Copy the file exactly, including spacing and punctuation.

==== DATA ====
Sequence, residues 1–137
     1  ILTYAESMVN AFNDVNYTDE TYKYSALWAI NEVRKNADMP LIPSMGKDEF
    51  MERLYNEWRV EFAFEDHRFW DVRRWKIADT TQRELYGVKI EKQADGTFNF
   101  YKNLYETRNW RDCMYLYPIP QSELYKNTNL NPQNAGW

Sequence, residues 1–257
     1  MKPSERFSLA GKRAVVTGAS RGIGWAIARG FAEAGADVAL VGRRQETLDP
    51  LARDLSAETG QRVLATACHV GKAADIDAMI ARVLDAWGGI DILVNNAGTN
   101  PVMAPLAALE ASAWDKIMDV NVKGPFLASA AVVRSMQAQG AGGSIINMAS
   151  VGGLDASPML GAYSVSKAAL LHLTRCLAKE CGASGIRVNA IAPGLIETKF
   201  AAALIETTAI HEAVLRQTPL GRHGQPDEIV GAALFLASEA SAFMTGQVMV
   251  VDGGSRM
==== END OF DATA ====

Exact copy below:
Sequence, residues 1–137
     1  ILTYAESMVN AFNDVNYTDE TYKYSALWAI NEVRKNADMP LIPSMGKDEF
    51  MERLYNEWRV EFAFEDHRFW DVRRWKIADT TQRELYGVKI EKQADGTFNF
   101  YKNLYETRNW RDCMYLYPIP QSELYKNTNL NPQNAGW

Sequence, residues 1–257
     1  MKPSERFSLA GKRAVVTGAS RGIGWAIARG FAEAGADVAL VGRRQETLDP
    51  LARDLSAETG QRVLATACHV GKAADIDAMI ARVLDAWGGI DILVNNAGTN
   101  PVMAPLAALE ASAWDKIMDV NVKGPFLASA AVVRSMQAQG AGGSIINMAS
   151  VGGLDASPML GAYSVSKAAL LHLTRCLAKE CGASGIRVNA IAPGLIETKF
   201  AAALIETTAI HEAVLRQTPL GRHGQPDEIV GAALFLASEA SAFMTGQVMV
   251  VDGGSRM